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The Rocket was peerless in the playoffs

There have been many outstanding playoff performers over the years. In recent years this includes the gritty role-players (Claude Lemieux comes to mind, along with Kris Draper in Detroit), the great goaltending performances (Roy, Hasek, Brodeur) and of course, the big scorers.

In recent times we think of Crosby and Ovechkin carrying their teams. They are outstanding players, big-game athletes. This year it may be the peaking Sedin twins who will stand out and lead the Canucks offensively. Years ago it was Sakic and Forsberg and Hejduk in Colorado.  Before them it was Gretzky, Kurri, Messier and Glenn Anderson with the Oilers, Bossy and Trottier with the great early ‘80s Islander teams and Lafleur and Shutt in the 1970s for the Habs.

When I was really young, in the 1950s, the playoff hero more often than not was Montreal’s “Rocket” Richard. In truth, I was too young in the late ‘50s to fully appreciate his skills under pressure, and the further truth is that, by the time I was able to really watch and understand, he was a shadow of his earlier self. He was often injured his last two seasons and overweight—not the dominant player and scorer he was in his prime from the mid-1940s to about 1958.

How good was Richard when it mattered? Well, when he retired, no one was close to his all-time playoff goal-scoring record of 82, though his record has been surpassed by a number of players since.

As good as Richard was (he also retired in the fall of 1960 as the NHL’s regular-season career leader in goals, with 544), he was renowned for his playoff exploits. He helped Montreal win 8 Cups, including a still-record 5 in a row in the late ‘50s.

Richard (shown above in a game in the late 1950s taking a backhand against Glenn Hall) was known for his play inside the opposing team’s blueline. He was driven to score goals. I believe he rarely if ever used a real ‘slapshot’ in his life, as that technique was just gaining prominence toward the end of his career. He used the classic wrist shot, and he would get the puck away quickly. He scored a lot on the backhand and a number of his goals were scored after he had bulled his way past a defenseman and broke in on the goalie with a late fake as he tucked the puck into the net. My father spoke to me often of how the Rocket would “carry a guy on his back” as he was swooping in on the goalie. That sounds rather like a myth, but I’ve had that corroborated by a few of Richard’s teammates who I have interviewed over the years.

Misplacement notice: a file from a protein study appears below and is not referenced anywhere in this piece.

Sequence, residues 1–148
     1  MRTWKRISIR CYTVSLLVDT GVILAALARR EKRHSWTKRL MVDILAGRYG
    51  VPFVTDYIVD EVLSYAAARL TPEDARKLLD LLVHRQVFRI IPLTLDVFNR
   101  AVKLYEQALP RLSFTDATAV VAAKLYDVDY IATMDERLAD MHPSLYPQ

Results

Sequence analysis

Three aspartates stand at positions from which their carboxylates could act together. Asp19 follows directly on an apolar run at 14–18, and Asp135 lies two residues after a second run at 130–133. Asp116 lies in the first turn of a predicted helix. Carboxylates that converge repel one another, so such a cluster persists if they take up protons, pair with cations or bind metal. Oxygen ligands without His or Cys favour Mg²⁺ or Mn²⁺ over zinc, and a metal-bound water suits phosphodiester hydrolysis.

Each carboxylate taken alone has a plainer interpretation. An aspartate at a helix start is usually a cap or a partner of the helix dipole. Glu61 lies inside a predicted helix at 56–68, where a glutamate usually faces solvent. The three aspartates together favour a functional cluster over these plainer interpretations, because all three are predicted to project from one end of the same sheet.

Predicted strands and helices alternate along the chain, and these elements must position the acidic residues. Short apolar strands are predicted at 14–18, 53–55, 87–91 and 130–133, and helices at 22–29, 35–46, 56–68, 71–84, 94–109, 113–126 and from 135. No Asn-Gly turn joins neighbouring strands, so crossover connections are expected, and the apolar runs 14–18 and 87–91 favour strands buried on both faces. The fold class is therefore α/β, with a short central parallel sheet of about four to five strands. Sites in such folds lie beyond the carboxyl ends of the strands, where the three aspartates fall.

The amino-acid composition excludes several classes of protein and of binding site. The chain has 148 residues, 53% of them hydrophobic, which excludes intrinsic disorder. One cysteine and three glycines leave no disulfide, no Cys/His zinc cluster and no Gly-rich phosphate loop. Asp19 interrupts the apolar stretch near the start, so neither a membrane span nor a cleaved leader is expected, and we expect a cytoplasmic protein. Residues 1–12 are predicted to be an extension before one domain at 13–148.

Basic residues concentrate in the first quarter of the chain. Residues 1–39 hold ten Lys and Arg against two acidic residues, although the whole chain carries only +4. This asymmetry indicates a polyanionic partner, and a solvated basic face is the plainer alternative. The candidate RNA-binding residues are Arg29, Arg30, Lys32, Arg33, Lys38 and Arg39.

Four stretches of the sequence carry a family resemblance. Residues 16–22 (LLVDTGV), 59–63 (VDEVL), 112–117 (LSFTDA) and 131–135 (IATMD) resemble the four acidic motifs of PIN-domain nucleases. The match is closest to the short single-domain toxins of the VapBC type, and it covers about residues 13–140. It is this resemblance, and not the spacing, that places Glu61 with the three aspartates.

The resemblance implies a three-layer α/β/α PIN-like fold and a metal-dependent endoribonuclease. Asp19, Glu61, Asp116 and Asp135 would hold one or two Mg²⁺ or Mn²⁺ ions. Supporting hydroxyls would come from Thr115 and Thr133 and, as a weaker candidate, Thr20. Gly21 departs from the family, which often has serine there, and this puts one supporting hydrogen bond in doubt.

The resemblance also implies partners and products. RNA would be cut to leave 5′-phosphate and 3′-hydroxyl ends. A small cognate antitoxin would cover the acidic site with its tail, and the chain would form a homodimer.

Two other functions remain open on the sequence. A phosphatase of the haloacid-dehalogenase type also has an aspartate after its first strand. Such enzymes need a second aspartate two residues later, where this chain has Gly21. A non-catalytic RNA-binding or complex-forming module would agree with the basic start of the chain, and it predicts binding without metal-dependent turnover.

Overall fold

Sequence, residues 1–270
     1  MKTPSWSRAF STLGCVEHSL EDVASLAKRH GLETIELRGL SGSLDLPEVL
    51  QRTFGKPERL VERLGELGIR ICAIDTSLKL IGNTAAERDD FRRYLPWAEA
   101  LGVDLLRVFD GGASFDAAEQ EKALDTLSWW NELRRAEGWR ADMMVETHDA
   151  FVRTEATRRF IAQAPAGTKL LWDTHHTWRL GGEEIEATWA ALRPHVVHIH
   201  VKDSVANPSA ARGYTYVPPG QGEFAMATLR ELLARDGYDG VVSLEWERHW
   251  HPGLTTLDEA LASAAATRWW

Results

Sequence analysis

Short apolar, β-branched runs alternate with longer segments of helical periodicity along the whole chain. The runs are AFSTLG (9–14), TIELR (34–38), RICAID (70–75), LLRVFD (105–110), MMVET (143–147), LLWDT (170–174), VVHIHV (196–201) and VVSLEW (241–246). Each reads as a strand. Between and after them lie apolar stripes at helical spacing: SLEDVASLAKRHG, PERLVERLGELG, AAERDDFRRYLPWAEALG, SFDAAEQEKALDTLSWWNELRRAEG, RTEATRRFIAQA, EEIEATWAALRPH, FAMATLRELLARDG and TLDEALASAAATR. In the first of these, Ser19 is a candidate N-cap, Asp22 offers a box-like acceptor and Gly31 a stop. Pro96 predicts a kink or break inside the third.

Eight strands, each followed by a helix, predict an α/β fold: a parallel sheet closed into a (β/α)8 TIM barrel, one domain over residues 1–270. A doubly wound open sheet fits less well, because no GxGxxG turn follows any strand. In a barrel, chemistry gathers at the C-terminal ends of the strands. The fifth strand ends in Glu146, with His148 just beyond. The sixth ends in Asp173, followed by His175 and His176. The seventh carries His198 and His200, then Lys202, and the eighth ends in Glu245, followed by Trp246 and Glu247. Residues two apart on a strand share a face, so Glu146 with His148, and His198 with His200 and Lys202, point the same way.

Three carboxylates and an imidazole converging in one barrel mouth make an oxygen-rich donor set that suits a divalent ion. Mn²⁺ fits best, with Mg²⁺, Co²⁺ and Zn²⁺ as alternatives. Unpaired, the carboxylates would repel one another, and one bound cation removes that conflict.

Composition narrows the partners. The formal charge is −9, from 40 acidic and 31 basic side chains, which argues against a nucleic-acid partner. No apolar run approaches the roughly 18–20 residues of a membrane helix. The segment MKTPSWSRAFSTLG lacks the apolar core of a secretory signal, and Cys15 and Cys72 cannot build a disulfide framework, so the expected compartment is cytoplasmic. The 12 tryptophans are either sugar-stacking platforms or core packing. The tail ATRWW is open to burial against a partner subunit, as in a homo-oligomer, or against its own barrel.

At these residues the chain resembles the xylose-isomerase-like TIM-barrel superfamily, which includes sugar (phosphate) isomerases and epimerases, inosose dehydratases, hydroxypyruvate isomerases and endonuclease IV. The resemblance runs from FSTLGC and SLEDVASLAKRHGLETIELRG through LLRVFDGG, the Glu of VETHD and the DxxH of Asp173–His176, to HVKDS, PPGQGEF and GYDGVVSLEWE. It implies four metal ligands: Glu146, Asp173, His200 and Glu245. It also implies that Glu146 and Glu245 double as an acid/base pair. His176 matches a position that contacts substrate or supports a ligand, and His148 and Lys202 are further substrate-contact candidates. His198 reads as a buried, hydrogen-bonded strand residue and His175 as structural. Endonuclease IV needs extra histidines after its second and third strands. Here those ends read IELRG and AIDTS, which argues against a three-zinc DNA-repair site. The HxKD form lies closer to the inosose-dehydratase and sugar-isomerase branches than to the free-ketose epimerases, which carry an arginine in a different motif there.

Six of his astounding 82 playoff goals (in only 133 games) were overtime winners. His most famous may have been against Boston’s Sugar Jim Henry in 1951-’52 (I believe that was the year). Some readers may have actually seen this happen, I can only recount what my Dad told me about that night. Richard was apparently knocked out during the seventh game of the series and though he had undoubtedly received a concussion, he insisted on returning to play in the overtime period. While evidently still groggy, he was able to skate around a good defenseman, Hall-of-Famer Bill Quackenbush, hold him off and deke Henry to score the dramatic winner in overtime. (If I’m not mistaken, Henry was playing with a broken nose.) The Roger St. Jean photograph (right) of Henry and Richard shaking hands after the game captures a classic hockey memory.

Someone will emerge as a scoring hero this spring and they will receive their due attention. But there aren’t many in the last 60 years who have come close to Richard’s consistent offensive brilliance in the playoffs.

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